Then launching pystuck (possibly from another machine) is done as such:

$ pystuck -h <host> -p 666

#API

The api module exposes most if what is needed. The task module and task objects provide the rest.

#api module

Three functions are provided: the task decorator, the freeze_operations, schedule and prepare functions.

Defining tasks is done using the task decorator:

from rework.api import task

@task
def my_task(task):
    pass

It is also possible to specify a non-default domain:

@task(domain='scrapers')
def my_scraper(task):
    pass

A timeout parameter is also available:

from datetime import timedelta

@task(timeout=timedelta(seconds=30)
def my_time_limited_task(task):
    pass

To make the tasks available for use, they must be recorded within the database referential. We use freeze_operations for this:

from sqlalchemy import create_engine
from rework.api import freeze_operations

engine = create_engine('postgres://babar:password@localhost:5432/jobstore')
api.freeze_operations(engine)

Finally, one can schedule tasks as such:

from sqlalchemy import create_engine
from rework.api import schedule

engine = create_engine('postgres://babar:password@localhost:5432/jobstore')

# immediate executionn
task = api.schedule(engine, 'my_task', 42)

# execution every five minutes
api.prepare(engine, 'my_task', 42, rule='0 */5 * * * *')

The schedule function wants these mandatory parameters:

  • engine: sqlalchemy engine

  • operation: string

  • inputdata: any python picklable object (if no input specification is provided, else the input formalism provides ways for numbers, strings, dates and files)

It also accepts two more options:

  • domain: a domain identifier (for cases when the same service is available under several domains and you want to force one)

  • hostid: an host identifier (e.g. '192.168.1.1')

  • metadata: a json-serializable dictionary (e.g. {'user': 'Babar'})

The prepare function takes the same parameters as schedule plus a rule option using crontab notation with seconds in first position.

#Task objects

Task objects can be obtained from the schedule api call (as seen in the previous example) or through the task module.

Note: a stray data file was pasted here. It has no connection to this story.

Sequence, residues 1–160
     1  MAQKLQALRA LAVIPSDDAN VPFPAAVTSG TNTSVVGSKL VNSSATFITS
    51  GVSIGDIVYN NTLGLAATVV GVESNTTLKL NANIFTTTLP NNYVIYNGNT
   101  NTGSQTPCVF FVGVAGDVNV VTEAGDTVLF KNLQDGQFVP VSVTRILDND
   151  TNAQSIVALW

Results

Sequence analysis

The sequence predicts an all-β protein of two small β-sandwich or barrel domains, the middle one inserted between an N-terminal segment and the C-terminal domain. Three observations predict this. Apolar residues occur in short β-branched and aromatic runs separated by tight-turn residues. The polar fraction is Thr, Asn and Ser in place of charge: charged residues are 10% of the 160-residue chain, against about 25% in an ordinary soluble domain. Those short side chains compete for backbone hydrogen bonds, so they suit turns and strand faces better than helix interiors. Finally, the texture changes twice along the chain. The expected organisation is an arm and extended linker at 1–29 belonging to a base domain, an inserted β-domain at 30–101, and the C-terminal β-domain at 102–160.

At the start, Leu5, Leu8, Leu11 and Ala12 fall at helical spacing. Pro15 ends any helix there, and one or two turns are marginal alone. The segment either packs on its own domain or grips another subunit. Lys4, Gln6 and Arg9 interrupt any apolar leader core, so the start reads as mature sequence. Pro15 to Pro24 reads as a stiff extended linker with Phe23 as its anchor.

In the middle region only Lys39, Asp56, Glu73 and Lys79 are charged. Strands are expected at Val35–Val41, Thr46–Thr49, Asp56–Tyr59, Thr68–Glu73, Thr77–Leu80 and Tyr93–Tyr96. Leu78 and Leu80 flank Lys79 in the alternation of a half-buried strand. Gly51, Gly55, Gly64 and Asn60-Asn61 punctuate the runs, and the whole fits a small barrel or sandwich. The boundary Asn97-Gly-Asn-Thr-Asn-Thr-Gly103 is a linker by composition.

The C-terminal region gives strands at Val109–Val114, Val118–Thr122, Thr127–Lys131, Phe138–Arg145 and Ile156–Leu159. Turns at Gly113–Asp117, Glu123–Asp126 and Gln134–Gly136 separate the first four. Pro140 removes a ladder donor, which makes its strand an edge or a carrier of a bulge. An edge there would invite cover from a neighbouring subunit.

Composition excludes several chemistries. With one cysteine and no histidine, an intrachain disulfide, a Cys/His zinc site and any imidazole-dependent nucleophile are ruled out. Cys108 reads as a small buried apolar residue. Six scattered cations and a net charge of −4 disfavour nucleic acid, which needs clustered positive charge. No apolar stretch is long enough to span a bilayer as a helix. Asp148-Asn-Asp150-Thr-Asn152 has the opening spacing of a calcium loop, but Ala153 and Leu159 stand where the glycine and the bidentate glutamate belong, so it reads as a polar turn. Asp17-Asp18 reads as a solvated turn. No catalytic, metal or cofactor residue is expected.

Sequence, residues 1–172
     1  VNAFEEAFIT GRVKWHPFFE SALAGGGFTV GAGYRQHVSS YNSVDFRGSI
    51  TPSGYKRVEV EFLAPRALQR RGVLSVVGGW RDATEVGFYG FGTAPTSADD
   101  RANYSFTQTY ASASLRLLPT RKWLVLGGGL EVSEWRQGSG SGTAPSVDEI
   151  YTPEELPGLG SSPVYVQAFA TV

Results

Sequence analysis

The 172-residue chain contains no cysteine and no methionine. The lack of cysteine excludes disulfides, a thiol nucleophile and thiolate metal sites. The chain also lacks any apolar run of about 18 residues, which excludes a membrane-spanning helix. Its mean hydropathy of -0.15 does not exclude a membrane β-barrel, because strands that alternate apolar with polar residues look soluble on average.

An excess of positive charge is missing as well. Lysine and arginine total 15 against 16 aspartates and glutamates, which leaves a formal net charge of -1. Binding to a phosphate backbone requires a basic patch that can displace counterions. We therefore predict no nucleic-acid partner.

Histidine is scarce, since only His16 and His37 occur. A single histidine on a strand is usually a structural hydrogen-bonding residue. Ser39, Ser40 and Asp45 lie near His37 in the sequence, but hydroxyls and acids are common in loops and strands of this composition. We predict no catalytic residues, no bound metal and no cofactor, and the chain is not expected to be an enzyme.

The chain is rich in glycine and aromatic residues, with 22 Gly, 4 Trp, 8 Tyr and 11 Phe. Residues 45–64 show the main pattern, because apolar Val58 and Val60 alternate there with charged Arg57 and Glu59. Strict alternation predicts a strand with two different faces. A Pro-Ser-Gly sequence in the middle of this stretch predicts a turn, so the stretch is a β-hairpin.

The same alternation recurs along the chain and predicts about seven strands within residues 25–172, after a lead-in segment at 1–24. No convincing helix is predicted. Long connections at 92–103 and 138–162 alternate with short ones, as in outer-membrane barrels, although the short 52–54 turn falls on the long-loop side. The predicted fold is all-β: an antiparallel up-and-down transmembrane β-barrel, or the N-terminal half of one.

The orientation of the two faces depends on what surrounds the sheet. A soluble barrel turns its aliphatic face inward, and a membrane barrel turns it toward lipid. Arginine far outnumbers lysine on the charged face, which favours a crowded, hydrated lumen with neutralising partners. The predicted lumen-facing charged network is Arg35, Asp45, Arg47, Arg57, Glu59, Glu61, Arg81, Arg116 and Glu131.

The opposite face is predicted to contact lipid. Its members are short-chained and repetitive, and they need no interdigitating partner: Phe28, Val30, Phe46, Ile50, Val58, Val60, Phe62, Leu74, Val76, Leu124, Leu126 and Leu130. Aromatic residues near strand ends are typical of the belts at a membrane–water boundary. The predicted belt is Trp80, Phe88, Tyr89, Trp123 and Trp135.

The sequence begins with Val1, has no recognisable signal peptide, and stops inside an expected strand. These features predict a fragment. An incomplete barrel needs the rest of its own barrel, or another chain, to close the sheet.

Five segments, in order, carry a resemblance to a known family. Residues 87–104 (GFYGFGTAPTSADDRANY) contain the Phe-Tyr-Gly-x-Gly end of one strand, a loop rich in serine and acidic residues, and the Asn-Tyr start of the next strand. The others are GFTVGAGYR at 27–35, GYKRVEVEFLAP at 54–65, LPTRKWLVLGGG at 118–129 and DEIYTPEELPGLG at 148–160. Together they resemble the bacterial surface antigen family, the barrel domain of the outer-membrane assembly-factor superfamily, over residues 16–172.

from task import Task

task = task.byid(engine, 42)

The task object provides:

  • .state attribute to describe the task state (amongst: queued, running, aborting, aborted, failed, done)

  • .join() method to wait synchronously for the task completion

  • .capturelogs(sync=True, level=logging.NOTSET, std=False) method to record matching logs into the db (sync controls whether the logs are written synchronously, level specifies the capture level, std permits to also record prints as logs)

  • .input attribute to get the task input (yields any object)

  • .save_output(<obj>) method to store any object

  • .abort() method to preemptively stop the task

  • .log(fromid=None) method to retrieve the task logs (all or from a given log id)

#Command line

#Operations

If you read the previous chapter, you already know the init-db and monitor commands.

The rework command, if typed without subcommand, shows its usage:

$ rework
Usage: rework [OPTIONS] COMMAND [ARGS]...

Options:
  --help  Show this message and exit.

Commands:
  abort-task
  monitor
  init-db
  kill-worker
  list-operations
  list-scheduled
  list-tasks
  list-workers
  log-task
  new-worker
  shutdown-worker
  vacuum

Of those commands, new-worker is for purely internal purposes, and unless you know what you're doing, should should never use it.

One can list the tasks:

rework list-tasks postgres://babar:password@localhost:5432/jobstore
1 my_first_task done [2017-09-13 17:08:48.306970+02]
2 my_first_task done [2017-09-13 17:08:48.416770+02]

It is possible to monitor the output of a given task:

$ rework log-task postgres://babar:password@localhost:5432/jobstore 1
stdout:INFO: 2017-09-13 17:08:49: I am running
stdout:INFO: 2017-09-13 17:08:49: I am done

The last argument 1 is the task identifier as was shown by the list-tasks command.

Notice how we capture the standard output (print calls) using the task.capturelogs context manager. This is completely optional of course but quite handy. The line shown above actually capture standard output, standard error and all logs. It accepts a level parameter, like e.g. capturelogs(level=logging.INFO).

Lastly, list-workers will show the currently running workers:

$ rework list-workers postgres://babar:password@localhost:5432/jobstore
1 4889896@192.168.1.2 30 Mb [running]
2 4889748@192.168.1.2 30 Mb [running]

#Extensions

It is possible to augment the rework command with new subcommands (or augment, modify existing commands).

Any program doing so must define a new command and declare a setup tools entry point named rework:subcommand as in e.g.:

entry_points={'rework.subcommands': [
        'view=rework_ui.cli:view'
    ]}

For instance, the rework_ui python package provides such a view subcommand to launch a monitoring webapp for a given rework job store.